Berlioz in London
Theatre Royal Haymarket
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In 1851 Berlioz heard here Mendelssohn’s youthful opera Die Hochzeit des Camacho (known as Son and Stranger), conducted by Alfred Mellon, with the baritone Willoughby Weiss and the soprano Louisa Payne. He reviewed the work in the Journal des Débats of 12 August 1851 (p. 2), a review which he did not reproduce in Les Soirées de l’Orchestre in 1852.
The Little Theatre in the Hay was built by John Potter in 1720 on the site of the King’s Head Inn in Haymarket. In 1766, in an accident in the presence of the Duke of York (brother of the king), the dramatist and actor Samuel Foote was badly injured and lost a leg. At the Duke’s instigation the theatre was granted a royal patent by the king and the Little Theatre became the Theatre Royal. Later, the theatre passed from the estate of the late John Potter into the hands of Samuel Foote, the man who made it Theatre Royal. In the early 1820s, as part of a larger project of improving London, all the houses from the theatre southwards were rebuilt, and E. D. Morris, the then manager of the theatre, built a new and larger theatre on a plot of land next to the old building, and almost exactly opposite Her Majesty’s Theatre across the road. The new and larger Haymarket Theatre opened on 4 July 1821 (Macqueen-Pope, 1948).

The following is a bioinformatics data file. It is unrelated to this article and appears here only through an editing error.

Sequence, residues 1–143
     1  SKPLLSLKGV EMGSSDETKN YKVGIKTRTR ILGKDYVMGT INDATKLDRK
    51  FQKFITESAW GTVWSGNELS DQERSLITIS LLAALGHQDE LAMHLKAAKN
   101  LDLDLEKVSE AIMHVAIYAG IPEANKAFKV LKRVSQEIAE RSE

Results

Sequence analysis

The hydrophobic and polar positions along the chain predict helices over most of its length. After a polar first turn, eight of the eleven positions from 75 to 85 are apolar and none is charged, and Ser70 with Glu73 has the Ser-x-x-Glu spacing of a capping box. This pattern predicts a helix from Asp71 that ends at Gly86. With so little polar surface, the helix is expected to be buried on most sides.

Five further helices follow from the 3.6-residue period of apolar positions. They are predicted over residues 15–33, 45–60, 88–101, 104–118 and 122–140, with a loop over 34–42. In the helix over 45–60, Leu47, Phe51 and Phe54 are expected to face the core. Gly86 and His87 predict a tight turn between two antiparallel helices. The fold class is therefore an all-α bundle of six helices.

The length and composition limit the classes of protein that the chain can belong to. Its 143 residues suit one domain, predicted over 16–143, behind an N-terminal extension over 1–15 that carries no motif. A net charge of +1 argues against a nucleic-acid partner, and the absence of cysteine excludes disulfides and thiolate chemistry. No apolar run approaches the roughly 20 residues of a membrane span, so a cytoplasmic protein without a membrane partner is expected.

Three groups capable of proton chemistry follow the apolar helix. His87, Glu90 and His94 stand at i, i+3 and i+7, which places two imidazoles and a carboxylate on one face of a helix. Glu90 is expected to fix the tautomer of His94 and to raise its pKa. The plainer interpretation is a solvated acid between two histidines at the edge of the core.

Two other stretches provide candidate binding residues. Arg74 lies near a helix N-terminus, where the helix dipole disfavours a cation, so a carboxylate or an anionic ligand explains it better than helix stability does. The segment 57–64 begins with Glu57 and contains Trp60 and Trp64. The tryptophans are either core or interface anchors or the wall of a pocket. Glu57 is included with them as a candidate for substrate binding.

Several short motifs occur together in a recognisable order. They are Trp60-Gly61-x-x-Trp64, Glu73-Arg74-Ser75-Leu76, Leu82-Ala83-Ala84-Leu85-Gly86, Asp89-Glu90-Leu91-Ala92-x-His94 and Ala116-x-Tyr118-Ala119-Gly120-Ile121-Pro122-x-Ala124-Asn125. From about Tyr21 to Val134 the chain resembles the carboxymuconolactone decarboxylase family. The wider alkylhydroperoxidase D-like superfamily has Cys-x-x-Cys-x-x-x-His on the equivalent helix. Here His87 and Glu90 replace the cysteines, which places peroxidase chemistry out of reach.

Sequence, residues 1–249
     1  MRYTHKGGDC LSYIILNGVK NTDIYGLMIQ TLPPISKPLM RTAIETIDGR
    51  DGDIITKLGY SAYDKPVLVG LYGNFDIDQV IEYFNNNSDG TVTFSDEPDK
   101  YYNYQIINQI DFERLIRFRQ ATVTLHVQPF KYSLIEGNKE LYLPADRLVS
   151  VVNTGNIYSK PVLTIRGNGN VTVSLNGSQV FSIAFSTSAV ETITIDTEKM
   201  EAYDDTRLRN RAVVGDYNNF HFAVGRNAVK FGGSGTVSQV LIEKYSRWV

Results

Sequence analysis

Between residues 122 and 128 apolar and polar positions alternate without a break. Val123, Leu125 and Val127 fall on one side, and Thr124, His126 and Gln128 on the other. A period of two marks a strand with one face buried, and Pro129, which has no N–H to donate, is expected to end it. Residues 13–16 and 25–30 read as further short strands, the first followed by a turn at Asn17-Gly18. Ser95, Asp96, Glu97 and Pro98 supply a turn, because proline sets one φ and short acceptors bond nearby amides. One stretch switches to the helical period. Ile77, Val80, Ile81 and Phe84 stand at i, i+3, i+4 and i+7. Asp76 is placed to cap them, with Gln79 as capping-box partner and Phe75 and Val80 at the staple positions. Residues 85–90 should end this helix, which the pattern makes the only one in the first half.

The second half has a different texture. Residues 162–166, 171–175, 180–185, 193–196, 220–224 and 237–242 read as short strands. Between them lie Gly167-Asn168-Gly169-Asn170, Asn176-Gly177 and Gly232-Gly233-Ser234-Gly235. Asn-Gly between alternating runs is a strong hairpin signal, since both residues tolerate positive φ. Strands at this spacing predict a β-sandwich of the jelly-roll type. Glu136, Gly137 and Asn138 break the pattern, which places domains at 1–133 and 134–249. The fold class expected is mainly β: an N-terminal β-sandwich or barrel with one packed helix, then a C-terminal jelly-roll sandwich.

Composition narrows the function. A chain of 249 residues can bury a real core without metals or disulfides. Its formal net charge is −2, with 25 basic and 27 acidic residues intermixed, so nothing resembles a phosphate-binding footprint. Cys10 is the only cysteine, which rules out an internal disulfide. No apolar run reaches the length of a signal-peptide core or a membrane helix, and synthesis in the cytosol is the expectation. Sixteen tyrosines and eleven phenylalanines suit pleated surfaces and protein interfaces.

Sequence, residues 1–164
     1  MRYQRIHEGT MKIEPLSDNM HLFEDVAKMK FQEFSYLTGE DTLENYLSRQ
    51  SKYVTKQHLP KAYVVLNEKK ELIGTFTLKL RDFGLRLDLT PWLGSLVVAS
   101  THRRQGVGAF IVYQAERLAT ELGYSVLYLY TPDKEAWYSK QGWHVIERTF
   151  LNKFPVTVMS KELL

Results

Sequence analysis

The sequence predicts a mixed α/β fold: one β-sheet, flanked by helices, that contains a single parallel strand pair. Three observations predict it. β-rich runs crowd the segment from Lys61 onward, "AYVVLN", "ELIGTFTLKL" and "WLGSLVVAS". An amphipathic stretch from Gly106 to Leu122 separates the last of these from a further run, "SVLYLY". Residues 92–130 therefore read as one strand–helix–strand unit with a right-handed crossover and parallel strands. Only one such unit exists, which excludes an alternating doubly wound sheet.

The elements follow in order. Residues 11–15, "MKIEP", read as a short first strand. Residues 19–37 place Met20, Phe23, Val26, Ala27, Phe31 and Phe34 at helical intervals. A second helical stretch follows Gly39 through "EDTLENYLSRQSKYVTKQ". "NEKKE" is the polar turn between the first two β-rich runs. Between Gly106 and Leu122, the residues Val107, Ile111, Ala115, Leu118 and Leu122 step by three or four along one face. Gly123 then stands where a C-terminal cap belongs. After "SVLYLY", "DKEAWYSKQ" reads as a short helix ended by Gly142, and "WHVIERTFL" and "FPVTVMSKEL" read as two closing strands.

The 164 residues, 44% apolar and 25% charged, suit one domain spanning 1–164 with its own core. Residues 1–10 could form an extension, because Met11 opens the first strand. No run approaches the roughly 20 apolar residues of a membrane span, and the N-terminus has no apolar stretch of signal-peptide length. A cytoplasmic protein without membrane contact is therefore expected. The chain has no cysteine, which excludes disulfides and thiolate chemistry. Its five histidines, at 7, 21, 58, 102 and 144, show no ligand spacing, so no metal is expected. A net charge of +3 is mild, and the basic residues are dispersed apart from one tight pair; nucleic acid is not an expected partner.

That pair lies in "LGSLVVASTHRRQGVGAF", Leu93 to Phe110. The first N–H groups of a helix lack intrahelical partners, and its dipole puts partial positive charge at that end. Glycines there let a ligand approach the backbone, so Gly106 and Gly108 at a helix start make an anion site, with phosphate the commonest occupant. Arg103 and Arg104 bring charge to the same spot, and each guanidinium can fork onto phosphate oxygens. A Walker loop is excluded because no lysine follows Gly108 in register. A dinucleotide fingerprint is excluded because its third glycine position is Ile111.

The Theatre Royal Haymarket in pictures
The modern photo reproduced on this page was taken by Michel
Austin in 2002; other pictures have been scanned from books in our own
1948; Carse, 1948 ). © Monir Tayeb and Michel Austin.
All rights of reproduction reserved.
The Theatre Royal Haymarket in 2002
"The Little Theatre in the Hay" around 1768
The Theatre Royal Haymarket in 1815
Interior of the Theatre Royal Haymarket in 1815
The stage and interior of the New Theatre Royal
as seen on the opening night, 4 July 1821
The Theatre Royal Haymarket in 1824
Interior of the Theatre Royal Haymarket in 1847
© Monir Tayeb and Michel Austin for all the pictures and information on this page.
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